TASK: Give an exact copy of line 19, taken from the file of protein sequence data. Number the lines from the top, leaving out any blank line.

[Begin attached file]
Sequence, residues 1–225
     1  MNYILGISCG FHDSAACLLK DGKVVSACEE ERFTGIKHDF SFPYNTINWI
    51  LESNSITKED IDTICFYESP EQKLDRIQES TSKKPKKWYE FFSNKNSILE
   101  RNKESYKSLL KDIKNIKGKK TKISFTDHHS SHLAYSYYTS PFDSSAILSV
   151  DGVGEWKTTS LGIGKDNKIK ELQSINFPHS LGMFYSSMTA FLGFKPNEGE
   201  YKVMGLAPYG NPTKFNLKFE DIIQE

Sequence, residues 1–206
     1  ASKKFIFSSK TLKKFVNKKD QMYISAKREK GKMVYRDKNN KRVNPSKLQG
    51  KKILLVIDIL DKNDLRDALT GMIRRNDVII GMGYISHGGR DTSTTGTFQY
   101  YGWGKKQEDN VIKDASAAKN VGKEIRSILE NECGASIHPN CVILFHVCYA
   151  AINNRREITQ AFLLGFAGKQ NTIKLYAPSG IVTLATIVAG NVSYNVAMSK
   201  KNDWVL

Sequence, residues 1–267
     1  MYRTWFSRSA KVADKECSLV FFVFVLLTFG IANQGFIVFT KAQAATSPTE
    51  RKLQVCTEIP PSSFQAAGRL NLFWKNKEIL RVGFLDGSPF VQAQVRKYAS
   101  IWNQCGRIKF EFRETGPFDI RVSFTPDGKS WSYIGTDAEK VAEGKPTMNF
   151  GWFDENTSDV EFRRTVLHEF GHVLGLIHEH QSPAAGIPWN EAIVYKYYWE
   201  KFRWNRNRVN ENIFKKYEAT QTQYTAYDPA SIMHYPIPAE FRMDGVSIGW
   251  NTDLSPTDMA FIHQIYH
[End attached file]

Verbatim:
   251  NTDLSPTDMA FIHQIYH